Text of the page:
Why Do Plants Have Latin Names?

Why Do Plants Have Latin Names?

By Michael Jenkins

One of the fun things about gardening is all the wonderfully cool, occasionally silly names that plants have. “Holy basil”, “devil’s darning needle”, and “prairie-fire” are all evocative of the nature and history of those plants, and they tell us a great deal about the ways humans have interacted with them over the years. However, they’re not always great for identification; holy basil is also known as “tulsi”, “tulasi”, or “tamole/domole” depending on where in the world you are. That’s just one example—most plants have several common names that are used regionally, and most plants have different common names in different languages. Some of these names overlap, with the same name being used for different plants. So, how do we know for sure which particular plant species we’re talking about? Botanists and gardeners have another solution: binomial nomenclature. Binomial nomenclature literally means “two-name (binomial) naming system (nomenclature)”, and these names are most often in scientific Latin. Perhaps ironically, binomial nomenclature is also referred to as “Latin binomials” or “scientific names”. You’ve likely seen these on nursery labels or seed packs—holy basil becomes “Ocimum tenuiflorum”, the ever-popular tomato is “Solanum lycopersicum”, and sunflowers are more properly known as “Helianthus annuus”. So what do those names mean, how do they work, and why are there two of them? In exploring why plants have Latin names, we get to expand our understanding of the history and science of gardening, so let’s dig in

How Do Scientific Names Work?

In explaining how binomial nomenclature works, it’s probably easiest to start with the name of a species we’re all familiar with—human beings. Scientifically, the binomial name for humans is Homo sapiens. The first part, Homo, refers to the genus, the broader group to which that particular species belongs. In this case Homo means “man/human being”. The species name comes next—in this case sapiens which means “wise” So Homo sapiens means “wise man” or “wise human”.

You may have noticed a few things, which are important in using binomial nomenclature correctly. The genus name is always capitalized, the species name is always in lowercase, and the whole name is most properly presented in italics. Now, nothing bad will happen if you forget to do these things, but it’s best practice and ensures that everything is clear when communicating with others.

What Do Binomial Names Mean?

Most of us aren’t fluent in Latin—and that’s OK! While binomial nomenclature makes use of a great many Latin or Latinized terms, some terms appear again and again and they’re very often descriptive of the plant. We don’t have the space to explain all of them here, but some common examples can enhance your understanding of binomial nomenclature and figure out what the plant might be like even before you’ve seen it in person!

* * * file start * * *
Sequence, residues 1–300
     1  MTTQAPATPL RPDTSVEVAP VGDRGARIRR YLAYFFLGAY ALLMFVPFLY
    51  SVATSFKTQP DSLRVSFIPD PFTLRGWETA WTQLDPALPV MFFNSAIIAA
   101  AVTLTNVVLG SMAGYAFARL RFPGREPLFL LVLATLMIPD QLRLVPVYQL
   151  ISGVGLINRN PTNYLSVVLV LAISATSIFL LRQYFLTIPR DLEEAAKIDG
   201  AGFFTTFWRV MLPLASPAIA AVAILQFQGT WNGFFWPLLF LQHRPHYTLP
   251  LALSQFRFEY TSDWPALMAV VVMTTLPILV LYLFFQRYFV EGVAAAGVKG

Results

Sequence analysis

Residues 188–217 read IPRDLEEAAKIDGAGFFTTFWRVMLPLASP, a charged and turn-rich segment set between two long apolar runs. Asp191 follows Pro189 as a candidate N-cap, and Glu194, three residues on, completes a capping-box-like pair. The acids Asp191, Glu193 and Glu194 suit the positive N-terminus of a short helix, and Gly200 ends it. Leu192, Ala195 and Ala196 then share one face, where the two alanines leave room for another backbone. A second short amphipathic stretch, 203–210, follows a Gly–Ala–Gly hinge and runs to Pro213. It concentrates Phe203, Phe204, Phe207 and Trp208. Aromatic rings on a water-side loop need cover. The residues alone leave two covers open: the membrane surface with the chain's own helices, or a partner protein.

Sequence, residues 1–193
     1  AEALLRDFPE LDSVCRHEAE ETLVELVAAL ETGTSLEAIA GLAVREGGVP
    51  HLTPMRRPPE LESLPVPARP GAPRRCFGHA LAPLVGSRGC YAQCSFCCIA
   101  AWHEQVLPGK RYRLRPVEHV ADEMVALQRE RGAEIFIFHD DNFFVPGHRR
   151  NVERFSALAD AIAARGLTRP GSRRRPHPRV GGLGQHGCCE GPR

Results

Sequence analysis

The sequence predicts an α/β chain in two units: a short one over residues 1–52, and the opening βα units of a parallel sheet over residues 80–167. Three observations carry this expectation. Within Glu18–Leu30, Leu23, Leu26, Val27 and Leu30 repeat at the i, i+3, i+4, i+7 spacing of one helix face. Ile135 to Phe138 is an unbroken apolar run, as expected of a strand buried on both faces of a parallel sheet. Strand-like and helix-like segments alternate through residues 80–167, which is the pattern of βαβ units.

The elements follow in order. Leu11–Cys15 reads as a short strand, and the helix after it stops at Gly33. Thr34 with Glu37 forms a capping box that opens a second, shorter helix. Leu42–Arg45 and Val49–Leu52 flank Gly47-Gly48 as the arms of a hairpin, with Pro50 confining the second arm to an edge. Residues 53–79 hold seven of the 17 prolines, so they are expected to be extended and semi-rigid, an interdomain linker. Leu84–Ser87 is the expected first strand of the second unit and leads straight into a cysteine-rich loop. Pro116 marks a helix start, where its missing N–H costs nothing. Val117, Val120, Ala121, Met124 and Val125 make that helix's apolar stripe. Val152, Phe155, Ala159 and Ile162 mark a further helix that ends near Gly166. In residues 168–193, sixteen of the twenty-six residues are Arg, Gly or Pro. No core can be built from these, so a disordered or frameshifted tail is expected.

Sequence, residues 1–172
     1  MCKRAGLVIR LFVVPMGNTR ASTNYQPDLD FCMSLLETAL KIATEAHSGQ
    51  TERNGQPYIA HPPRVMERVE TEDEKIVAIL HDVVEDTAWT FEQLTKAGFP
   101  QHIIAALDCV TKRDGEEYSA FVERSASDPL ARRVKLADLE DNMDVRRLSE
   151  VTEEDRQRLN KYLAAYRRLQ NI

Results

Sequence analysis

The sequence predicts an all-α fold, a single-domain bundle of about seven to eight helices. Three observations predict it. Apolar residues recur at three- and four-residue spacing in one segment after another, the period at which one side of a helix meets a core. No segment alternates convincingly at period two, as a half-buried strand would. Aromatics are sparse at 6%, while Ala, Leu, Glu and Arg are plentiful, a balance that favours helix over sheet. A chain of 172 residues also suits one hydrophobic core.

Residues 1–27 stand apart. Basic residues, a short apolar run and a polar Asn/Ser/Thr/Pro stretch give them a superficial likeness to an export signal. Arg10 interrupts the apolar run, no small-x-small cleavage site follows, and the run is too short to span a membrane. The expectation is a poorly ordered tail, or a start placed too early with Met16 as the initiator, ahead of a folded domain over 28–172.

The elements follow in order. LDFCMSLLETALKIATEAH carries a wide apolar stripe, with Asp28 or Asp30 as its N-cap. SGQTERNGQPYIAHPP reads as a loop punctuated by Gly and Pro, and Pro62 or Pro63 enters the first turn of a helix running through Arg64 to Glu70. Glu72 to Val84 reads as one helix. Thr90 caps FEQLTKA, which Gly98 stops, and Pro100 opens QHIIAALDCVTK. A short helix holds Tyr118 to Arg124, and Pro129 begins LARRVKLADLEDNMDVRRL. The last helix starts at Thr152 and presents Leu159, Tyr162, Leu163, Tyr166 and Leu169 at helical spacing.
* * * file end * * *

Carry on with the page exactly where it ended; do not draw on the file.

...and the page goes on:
Some names refer to the plant’s place of origin or its habitat:

  • canadensis Canada
  • chinensis China
  • japonica Japan
  • maritima Sea side/near the ocean
  • montana Mountains
  • occidentalis West - North America
  • orientalis East - Asia
  • sibirica Siberia
  • sylvestris Woodland
  • virginiana Virginia

Some binomial terms describe the plant’s color:

  • alba White
  • ater Black
  • azur Blue
  • caeruleus Blue
  • chrysus Yellow
  • coccineus Scarlet
  • ebenus Ebony
  • eburneus Ivory
  • erythro Red
  • ferrugineus Rusty
  • lacteus Milky
  • lividus Blue-gray
  • luridus Pale yellow
  • puniceus Red-purple
  • purpureus Purple
  • rosea Rose
  • rubra Red
  • sulphureus Yellow
  • virens Green

And some refer to the physical features of the plant:

  • anthos Flower
  • brevi Short
  • fili Threadlike
  • flora Flower
  • folius Foliage
  • grandi Large
  • hetero Diverse
  • laevis Smooth
  • lepto Slender
  • macro Large
  • medio Intermediate
  • mega Big
  • micro Small
  • mono Single
  • multi Many
  • phyllos Leaf/Foliage
  • platy Flat/Broad
  • poly Many

This is only a partial list—and even so it may seem bewildering! Don’t let that stress you out; you can look names up as you need to and your understanding and familiarity with binomial nomenclature can grow over time. No one is born knowing all of this, we all had to learn sometime so give yourself space to do just that!

We hope this helps you understand the scientific names of plants, how binomial nomenclature works, and how you can use them to help your own understanding and discussion of plants. Gardening is full of interesting things like this, and we think they make the whole experience that much richer!

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